Hydrogen Protection Boosts the Bioactivity of Chrysanthemum morifolium Extract in Preventing Palmitate-Induced Endothelial Dysfunction by Restoring MFN2 and Alleviating Oxidative Stress in HAEC Cells

As the most important natural antioxidants in plant extracts, polyphenols demonstrate versatile bioactivities and are susceptible to oxidation. The commonly used ultrasonic extraction often causes oxidation reactions involving the formation of free radicals. To minimize the oxidation effects during the ultrasonic extraction process, we designed a hydrogen (H2)-protected ultrasonic extraction method and used it in Chrysanthemum morifolium extraction. Hydrogen-protected extraction improved the total antioxidant capacity, 2,2-diphenyl-1-picrylhydrazyl (DPPH) radical scavenging activity, and polyphenol content of Chrysanthemum morifolium water extract (CME) compared with air and nitrogen (N2) conditions. We further investigated the protective effects and mechanisms of CME on palmitate (PA)-induced endothelial dysfunction in human aorta endothelial cells (HAECs). We found that hydrogen-protected CME (H2-CME) best-prevented impairment in nitric oxide (NO) production, endothelial NO synthase (eNOS) protein level, oxidative stress, and mitochondrial dysfunction. In addition, H2-CME prevented PA-induced endothelial dysfunction by restoring mitofusin-2 (MFN2) levels and maintaining redox balance.

Role of FOXO3A in process of hydrogen-rich saline attenuating global cerebral ischemia-reperfusion injury in rats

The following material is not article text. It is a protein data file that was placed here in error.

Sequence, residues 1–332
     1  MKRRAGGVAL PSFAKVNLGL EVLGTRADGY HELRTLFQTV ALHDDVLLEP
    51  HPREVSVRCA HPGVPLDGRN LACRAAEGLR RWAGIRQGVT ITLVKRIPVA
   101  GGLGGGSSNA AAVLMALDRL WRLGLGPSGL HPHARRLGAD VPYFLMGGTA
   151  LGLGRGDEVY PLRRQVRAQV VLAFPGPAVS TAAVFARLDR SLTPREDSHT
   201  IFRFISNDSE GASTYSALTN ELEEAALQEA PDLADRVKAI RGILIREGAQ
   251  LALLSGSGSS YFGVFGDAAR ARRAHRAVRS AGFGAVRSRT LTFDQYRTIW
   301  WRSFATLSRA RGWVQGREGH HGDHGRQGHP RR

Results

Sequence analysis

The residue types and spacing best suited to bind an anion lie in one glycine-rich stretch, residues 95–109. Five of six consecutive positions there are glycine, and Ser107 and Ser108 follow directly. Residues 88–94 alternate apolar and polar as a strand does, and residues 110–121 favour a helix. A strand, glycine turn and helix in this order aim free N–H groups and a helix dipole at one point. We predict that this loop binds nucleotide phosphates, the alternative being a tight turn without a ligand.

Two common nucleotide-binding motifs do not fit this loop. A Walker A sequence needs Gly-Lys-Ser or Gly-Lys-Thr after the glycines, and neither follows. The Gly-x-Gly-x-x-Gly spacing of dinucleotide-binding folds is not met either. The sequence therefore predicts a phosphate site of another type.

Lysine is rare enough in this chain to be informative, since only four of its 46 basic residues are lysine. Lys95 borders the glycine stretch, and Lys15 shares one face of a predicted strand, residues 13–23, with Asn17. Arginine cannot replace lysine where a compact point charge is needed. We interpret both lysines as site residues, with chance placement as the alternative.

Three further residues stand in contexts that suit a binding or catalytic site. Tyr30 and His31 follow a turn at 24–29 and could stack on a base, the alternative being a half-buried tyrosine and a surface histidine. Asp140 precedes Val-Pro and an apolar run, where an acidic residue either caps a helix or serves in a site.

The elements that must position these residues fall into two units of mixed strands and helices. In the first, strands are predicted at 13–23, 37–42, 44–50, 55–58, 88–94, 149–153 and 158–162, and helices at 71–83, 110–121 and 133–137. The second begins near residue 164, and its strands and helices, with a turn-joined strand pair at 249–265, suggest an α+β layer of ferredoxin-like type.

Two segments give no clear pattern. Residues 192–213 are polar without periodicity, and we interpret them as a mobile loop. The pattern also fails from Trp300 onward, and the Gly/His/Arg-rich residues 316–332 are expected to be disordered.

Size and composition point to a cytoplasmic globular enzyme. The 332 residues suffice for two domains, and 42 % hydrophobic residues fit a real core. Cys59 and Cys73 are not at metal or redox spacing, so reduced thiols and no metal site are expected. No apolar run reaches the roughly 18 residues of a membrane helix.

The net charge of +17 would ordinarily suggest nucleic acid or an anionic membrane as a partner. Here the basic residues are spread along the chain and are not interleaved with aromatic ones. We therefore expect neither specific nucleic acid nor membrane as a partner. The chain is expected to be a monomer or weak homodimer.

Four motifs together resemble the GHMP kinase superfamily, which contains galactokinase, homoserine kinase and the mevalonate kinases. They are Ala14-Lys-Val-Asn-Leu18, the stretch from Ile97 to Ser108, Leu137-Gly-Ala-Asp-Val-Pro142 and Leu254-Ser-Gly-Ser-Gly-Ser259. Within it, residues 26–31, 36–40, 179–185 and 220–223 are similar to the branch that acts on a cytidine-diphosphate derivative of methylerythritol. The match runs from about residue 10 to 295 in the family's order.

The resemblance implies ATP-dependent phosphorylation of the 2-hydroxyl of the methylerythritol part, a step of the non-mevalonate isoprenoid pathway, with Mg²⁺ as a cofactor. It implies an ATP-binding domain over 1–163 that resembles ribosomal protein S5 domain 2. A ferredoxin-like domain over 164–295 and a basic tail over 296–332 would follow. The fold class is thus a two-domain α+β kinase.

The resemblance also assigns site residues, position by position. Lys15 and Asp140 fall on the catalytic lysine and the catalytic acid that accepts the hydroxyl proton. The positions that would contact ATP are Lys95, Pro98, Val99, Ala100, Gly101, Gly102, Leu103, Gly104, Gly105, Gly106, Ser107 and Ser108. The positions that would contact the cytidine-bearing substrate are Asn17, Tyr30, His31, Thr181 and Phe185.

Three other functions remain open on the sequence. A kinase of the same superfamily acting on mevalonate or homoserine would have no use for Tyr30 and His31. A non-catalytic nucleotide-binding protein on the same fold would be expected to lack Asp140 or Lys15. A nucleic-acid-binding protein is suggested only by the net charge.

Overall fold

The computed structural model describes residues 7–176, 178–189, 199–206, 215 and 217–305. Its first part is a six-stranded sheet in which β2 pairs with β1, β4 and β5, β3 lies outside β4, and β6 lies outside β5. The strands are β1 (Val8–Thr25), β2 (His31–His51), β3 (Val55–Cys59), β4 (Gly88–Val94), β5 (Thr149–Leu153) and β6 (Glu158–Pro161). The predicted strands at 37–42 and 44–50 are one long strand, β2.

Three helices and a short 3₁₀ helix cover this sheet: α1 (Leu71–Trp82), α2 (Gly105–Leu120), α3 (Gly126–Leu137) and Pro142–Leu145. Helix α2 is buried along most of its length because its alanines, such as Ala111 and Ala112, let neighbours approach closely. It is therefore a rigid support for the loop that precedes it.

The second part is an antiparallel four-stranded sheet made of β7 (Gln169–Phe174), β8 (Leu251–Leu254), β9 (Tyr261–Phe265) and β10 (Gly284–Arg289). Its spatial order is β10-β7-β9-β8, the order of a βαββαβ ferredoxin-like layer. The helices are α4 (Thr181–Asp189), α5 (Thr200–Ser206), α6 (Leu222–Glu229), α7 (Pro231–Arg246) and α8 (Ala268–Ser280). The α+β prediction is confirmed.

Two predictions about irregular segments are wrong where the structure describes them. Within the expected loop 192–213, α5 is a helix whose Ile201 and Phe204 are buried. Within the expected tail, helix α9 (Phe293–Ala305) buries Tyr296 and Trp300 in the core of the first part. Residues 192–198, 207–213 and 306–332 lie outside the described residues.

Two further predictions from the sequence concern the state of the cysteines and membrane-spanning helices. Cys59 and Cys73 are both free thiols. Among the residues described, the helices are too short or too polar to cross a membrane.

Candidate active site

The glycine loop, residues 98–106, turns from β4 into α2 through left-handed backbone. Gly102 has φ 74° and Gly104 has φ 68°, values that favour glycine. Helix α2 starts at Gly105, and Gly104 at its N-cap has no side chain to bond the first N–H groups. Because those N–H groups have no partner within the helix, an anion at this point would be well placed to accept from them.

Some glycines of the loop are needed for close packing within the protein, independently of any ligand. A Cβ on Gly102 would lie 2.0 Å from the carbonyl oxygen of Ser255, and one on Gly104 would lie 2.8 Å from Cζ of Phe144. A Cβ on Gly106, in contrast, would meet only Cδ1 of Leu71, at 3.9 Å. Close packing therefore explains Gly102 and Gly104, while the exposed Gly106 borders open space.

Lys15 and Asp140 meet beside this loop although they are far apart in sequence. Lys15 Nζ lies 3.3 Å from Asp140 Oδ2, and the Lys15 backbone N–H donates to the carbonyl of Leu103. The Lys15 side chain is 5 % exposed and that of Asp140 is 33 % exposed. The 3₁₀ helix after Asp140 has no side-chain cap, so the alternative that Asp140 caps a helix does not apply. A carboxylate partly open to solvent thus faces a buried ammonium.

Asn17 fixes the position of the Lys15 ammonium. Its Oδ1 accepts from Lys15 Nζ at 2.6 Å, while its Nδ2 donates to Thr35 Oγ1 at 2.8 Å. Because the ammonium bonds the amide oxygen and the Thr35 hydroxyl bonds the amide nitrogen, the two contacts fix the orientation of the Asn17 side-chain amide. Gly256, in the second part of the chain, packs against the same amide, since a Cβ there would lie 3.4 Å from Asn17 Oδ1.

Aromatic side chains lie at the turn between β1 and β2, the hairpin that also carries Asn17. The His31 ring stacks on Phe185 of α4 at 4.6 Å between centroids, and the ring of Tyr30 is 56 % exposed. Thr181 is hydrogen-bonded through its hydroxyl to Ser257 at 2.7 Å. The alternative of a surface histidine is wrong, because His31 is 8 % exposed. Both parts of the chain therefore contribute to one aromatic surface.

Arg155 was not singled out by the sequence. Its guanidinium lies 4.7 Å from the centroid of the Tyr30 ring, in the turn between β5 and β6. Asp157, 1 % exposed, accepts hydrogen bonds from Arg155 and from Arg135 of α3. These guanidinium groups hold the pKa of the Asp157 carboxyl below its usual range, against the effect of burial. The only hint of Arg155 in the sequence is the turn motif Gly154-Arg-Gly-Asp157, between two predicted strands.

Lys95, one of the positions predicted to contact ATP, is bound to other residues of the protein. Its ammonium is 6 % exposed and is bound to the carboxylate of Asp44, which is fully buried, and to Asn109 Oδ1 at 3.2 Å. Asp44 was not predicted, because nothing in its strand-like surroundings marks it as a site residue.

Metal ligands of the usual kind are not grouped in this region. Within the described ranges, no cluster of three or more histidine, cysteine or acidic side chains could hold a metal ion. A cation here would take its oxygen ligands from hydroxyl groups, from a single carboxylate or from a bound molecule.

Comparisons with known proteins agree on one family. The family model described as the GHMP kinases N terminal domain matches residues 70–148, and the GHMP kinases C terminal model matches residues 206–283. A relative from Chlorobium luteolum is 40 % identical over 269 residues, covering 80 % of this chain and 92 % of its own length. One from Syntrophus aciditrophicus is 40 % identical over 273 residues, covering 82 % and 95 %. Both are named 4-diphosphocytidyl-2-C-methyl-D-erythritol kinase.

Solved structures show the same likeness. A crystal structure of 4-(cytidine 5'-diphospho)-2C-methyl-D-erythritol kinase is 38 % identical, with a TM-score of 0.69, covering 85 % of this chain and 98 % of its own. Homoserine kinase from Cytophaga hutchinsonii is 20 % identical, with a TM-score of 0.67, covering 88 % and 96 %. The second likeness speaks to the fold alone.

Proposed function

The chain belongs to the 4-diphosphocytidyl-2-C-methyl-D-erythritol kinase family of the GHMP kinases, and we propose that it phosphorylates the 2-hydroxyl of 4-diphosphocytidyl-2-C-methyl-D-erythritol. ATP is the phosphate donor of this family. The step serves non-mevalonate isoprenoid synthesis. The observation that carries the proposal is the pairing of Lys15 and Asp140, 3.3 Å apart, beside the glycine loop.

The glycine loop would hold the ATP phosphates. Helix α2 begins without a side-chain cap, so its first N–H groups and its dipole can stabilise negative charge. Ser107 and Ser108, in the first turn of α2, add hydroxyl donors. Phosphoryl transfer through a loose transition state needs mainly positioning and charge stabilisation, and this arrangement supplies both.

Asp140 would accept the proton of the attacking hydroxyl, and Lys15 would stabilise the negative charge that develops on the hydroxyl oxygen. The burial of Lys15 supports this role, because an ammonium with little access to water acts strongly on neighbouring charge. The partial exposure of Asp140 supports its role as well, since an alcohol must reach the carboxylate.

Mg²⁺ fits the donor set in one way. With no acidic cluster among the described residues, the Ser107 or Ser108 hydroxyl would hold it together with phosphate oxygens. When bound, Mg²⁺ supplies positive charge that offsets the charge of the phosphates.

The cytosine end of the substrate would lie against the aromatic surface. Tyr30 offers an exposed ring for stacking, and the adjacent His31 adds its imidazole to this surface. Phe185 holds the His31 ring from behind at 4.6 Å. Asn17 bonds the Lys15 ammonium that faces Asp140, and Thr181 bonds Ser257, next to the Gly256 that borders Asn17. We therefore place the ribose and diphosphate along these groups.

To investigate the role of FOXO3a in process of hydrogen-rich saline attenuating global cerebral ischemia-reperfusion (I/R) injury in rats. Seventy-two male Sprague Dawley rats, weighing 280-320 g, were randomly divided into six groups (n = 12 each) : sham operation group (group I), cerebral ischemia-reperfusion group (group II), hydrogen-rich saline group (group III), vehicle group (group IV), JNK inhibitor SP600125 group (group V), JNK inhibitor+hydrogen-rich saline group (group VI). Global cerebral I/R was produced by transesophageal pacing inducing cardiac arrest (CA) method. Cardiopulmonary resuscitation (CPR) and mechanical ventilation was implemented at the end of 4 min for CA. In groups III and VI, hydrogen-rich saline 5 ml/kg was intraperitoneally immediately and 6 hours after reperfusion, while equel volume of nomal saline was injected in the other four groups. The rats in groups V and VI received intracerebroventricular injection of JNK inhibitor SP600125 10 µl 30 min before ischemia, while group IV received intracerebroventricular injection of equal volume of DMSO. Neuro Deficit Score (NDS) was evaluated at 24 h of reperfusion. Then rats were sacrificed, and the global brain tissues were obtained and stained with HE for examination of the changes in pyramidal cells in the CA1 region of hippocampus. The bilateral hippocampi were romoved for detection of the expression of p-JNK, JNK and FOXO3a using Western Blotting. Compared with group I, the expression of p-JNK, nuclear FOXO3a and the level of NDS were significantly up-regulated, and the number of pyramidal cells and was decreased in group II and IV. Compared with group II, the expression of p-JNK, nuclear FOXO3a and the level of NDS were significantly down-regulated, and the number of pyramidal cells was increased in group III, V and VI. Hydrogen-rich saline can attenuate global cerebral I/R injure through inhibiting JNK, reducing the expression of FOXO3a.